Cycling in triathlon is a unique beast, nothing like the rigors of a Tour de France rider: We don’t get rolling starts like in road biking, we don’t have to cover attacks, and—unlike a time trial—we don’t wait at the start of the bike leg with our heart rate low, ready for a little beep to start us off. Instead, by the time we get to two wheels, we’ve already been through a massive heart-rate spike (the swim start), a few dunkings, a few surges, and then forced to go from horizontal to vertical (which is physiologically tricky…) before sprinting out of the water, changing clothes, and wobbling our way onto the bike course.
This is one of the reasons we need to do brick workouts—intervals that switch from swim to bike and from bike to run. We don’t always need (or logistically have the ability) to do a brick, but it’s still important to remember that as triathletes we have a very unique situation when compared to regular swimmers, cyclists, and runners. Enter the “Spiky Bike Workout.”
This workout is meant to be done as a key bike session, no more than once per week, as you get into the build/speed/race phase of your training plan. Don’t do this workout closer than 10 days before a big race, and be sure to leave a day of recovery post-workout (with that said, you don’t need to be fully rested here—a heavy swim in the morning would actually be ideal). Expect to feel very tired during the workout, but it shouldn’t take way too much out of your legs—this is more of a cardio workout than anything else.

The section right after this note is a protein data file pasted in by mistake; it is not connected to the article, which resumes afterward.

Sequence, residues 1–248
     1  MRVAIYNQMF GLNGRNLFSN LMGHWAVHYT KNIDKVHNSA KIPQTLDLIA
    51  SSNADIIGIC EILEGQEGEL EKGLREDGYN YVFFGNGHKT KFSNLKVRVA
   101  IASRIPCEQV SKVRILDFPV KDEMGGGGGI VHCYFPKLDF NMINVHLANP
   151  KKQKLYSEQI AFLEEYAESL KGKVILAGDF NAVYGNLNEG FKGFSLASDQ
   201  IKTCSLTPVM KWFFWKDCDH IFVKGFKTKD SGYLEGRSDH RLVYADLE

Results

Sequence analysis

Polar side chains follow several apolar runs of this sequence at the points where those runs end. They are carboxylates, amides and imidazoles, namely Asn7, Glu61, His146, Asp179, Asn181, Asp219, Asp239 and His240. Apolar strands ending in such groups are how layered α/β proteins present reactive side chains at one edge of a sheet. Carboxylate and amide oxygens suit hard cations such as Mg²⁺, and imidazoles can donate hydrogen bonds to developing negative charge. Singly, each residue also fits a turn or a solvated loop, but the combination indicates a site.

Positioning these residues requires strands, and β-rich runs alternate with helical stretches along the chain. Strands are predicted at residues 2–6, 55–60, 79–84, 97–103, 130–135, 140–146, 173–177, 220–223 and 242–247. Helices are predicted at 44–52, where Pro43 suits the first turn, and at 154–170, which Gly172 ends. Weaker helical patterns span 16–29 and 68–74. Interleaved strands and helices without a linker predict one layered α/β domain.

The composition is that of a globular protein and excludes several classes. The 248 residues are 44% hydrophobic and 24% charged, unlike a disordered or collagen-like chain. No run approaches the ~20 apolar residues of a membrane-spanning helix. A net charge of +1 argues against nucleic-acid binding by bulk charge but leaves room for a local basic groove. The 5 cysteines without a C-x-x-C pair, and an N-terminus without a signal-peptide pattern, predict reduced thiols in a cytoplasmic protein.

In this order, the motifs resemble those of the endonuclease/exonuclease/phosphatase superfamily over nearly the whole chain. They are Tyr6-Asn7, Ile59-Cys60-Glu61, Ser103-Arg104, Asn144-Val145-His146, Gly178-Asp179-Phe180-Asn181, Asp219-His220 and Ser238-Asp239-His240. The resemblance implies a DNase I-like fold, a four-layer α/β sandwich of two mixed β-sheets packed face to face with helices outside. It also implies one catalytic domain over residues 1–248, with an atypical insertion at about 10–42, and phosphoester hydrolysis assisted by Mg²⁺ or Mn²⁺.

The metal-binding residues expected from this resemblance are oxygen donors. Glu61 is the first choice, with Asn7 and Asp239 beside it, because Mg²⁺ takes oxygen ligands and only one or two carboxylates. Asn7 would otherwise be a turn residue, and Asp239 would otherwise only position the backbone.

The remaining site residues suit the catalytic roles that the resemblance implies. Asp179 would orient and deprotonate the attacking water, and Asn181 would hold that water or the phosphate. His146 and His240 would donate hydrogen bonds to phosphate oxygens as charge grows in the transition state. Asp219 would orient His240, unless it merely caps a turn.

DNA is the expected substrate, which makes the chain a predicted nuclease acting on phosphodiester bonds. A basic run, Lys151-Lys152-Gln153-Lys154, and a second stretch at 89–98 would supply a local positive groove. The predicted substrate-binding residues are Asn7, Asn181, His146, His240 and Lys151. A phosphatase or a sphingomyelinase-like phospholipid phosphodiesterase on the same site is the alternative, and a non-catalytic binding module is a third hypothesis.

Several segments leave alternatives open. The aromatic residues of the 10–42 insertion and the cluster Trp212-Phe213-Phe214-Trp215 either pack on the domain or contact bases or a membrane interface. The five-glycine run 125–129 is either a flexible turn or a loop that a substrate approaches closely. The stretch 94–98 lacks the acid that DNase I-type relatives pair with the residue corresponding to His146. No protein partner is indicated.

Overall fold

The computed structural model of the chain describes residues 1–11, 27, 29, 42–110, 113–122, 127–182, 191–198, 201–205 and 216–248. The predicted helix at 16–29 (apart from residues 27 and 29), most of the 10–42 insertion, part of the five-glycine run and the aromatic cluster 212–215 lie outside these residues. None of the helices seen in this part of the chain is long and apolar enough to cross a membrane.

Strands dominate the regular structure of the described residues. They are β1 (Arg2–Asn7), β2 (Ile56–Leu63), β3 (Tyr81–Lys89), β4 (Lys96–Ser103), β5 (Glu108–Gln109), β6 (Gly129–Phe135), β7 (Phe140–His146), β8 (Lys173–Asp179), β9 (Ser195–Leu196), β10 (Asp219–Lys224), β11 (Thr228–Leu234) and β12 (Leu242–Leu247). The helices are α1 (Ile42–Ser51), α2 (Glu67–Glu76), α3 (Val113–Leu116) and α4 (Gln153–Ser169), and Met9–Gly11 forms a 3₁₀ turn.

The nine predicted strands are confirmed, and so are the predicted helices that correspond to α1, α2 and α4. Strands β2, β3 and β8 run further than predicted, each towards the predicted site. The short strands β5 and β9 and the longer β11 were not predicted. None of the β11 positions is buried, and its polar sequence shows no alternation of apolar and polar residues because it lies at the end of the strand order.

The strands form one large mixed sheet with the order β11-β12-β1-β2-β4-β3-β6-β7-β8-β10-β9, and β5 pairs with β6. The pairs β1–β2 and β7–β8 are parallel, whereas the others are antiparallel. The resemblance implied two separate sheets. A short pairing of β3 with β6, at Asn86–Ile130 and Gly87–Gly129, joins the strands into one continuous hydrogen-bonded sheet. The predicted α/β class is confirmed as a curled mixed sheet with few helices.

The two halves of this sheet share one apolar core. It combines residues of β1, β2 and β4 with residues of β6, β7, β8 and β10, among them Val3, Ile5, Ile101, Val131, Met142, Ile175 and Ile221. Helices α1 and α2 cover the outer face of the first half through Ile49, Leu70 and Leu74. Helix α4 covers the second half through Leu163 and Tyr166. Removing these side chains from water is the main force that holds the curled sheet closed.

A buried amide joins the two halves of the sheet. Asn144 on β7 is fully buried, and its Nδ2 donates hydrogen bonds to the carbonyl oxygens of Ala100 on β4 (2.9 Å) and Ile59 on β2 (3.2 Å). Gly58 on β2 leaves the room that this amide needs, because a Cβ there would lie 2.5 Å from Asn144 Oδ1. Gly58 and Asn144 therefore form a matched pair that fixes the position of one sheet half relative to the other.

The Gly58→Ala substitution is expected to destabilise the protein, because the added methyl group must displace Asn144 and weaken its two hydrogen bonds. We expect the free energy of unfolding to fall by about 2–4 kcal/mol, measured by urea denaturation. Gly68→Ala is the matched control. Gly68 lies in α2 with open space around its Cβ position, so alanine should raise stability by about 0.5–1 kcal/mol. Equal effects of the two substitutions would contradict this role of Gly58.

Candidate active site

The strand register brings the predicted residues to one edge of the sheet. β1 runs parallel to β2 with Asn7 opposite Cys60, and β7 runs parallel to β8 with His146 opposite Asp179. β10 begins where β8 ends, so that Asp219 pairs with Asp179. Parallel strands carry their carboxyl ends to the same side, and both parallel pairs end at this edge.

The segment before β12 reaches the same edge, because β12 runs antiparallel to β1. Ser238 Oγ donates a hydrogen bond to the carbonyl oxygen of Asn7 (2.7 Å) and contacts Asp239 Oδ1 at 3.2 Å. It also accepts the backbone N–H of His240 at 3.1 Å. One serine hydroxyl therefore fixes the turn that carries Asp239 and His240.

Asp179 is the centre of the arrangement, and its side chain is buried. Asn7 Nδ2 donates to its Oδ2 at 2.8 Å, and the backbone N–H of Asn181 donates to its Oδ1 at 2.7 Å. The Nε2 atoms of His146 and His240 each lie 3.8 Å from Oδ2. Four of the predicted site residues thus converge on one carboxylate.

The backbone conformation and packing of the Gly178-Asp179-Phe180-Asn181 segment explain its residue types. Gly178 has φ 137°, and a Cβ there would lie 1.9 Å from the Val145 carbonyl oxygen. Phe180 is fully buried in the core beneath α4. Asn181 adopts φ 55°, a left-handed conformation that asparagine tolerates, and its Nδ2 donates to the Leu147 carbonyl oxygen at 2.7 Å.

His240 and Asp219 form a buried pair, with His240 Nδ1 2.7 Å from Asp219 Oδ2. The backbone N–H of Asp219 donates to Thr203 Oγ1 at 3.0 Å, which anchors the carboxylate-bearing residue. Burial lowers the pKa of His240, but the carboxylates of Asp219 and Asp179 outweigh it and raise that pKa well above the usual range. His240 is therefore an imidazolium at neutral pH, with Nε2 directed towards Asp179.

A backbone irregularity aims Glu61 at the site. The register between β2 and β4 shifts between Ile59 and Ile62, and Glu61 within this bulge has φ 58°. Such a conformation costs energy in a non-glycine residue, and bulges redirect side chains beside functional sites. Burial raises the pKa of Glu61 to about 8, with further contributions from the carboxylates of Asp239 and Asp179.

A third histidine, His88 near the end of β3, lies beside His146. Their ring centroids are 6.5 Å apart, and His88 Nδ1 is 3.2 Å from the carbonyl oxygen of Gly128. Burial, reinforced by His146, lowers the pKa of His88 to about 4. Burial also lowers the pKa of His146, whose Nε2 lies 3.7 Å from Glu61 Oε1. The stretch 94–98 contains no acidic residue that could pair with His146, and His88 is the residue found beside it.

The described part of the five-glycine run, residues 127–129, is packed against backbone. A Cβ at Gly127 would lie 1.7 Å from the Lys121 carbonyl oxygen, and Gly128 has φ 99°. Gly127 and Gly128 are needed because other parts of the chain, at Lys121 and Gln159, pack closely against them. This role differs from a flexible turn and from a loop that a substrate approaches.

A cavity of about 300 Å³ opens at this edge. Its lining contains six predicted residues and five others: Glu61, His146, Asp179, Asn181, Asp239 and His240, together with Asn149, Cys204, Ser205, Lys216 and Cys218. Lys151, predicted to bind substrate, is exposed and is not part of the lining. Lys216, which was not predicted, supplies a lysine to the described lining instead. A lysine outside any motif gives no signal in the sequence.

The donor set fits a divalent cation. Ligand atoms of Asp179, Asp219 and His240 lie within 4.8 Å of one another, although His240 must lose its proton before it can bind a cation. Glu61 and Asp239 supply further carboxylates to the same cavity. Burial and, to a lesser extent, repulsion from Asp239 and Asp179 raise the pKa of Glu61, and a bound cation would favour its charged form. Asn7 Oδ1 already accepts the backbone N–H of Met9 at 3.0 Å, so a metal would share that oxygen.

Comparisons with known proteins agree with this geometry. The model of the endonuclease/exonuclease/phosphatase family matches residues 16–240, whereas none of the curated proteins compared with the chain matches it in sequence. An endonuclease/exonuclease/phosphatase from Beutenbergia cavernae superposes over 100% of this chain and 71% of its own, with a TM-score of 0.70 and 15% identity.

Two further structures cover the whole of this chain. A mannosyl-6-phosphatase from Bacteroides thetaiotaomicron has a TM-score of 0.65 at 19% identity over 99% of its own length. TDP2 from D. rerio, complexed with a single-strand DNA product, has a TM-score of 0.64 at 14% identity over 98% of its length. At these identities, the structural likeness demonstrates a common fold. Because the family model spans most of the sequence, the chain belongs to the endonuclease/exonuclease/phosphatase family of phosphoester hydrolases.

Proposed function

Finally, try to do this workout at least three times before your big race to get the max effect, and be sure to remember on race day how you felt and how you most effectively got through this session. The psychological boost this workout gives is as great as the physiological one!
Though best done on a trainer with a strong fan, this is a fine workout to do outside on a course with little interruptions. If possible, do the hard 45-second build on a hill and the longer interval on a flat or slight uphill. Beginner to intermediate triathletes should shoot for two to three rounds, while more advanced racers can shoot for as many as five rounds of the main set.
15 minutes easy spinning, no lower than 85 RPM
5 x (30 seconds build to 7/10 Rate of Perceived Exertion, 30 seconds easy) all between 85-95 RPM
5 minutes at 6/10 RPE, 80 RPM
3 minutes at 7/10 RPE, 85 RPM
1 minute at 8/10 RPE, 90+ RPM
(45 seconds as (15 seconds at 7/10 RPE, 85 RPM; 15 seconds at 8/10 RPE, 90 RPM; 15 seconds at 9/10 RPE, 95+ RPM), right into
4:15 at 7/10 RPE at race cadence, work on smooth pedaling, trying to keep HR down
2 minutes easy spin, 90+ RPM)
10 minutes easy spin at 85-95 RPM